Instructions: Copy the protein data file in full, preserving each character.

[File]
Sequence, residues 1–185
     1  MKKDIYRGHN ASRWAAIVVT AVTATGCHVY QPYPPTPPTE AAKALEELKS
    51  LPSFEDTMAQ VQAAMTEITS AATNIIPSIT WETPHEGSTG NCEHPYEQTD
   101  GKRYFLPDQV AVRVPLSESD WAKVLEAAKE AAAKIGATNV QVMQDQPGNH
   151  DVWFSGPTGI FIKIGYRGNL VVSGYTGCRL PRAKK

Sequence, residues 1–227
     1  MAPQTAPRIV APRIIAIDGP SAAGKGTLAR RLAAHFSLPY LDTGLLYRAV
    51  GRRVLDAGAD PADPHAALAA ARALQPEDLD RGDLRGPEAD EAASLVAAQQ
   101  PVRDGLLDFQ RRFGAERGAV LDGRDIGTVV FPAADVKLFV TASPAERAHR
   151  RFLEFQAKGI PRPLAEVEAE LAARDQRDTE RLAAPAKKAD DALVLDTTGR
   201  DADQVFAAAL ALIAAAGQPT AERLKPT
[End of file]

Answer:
Sequence, residues 1–185
     1  MKKDIYRGHN ASRWAAIVVT AVTATGCHVY QPYPPTPPTE AAKALEELKS
    51  LPSFEDTMAQ VQAAMTEITS AATNIIPSIT WETPHEGSTG NCEHPYEQTD
   101  GKRYFLPDQV AVRVPLSESD WAKVLEAAKE AAAKIGATNV QVMQDQPGNH
   151  DVWFSGPTGI FIKIGYRGNL VVSGYTGCRL PRAKK

Sequence, residues 1–227
     1  MAPQTAPRIV APRIIAIDGP SAAGKGTLAR RLAAHFSLPY LDTGLLYRAV
    51  GRRVLDAGAD PADPHAALAA ARALQPEDLD RGDLRGPEAD EAASLVAAQQ
   101  PVRDGLLDFQ RRFGAERGAV LDGRDIGTVV FPAADVKLFV TASPAERAHR
   151  RFLEFQAKGI PRPLAEVEAE LAARDQRDTE RLAAPAKKAD DALVLDTTGR
   201  DADQVFAAAL ALIAAAGQPT AERLKPT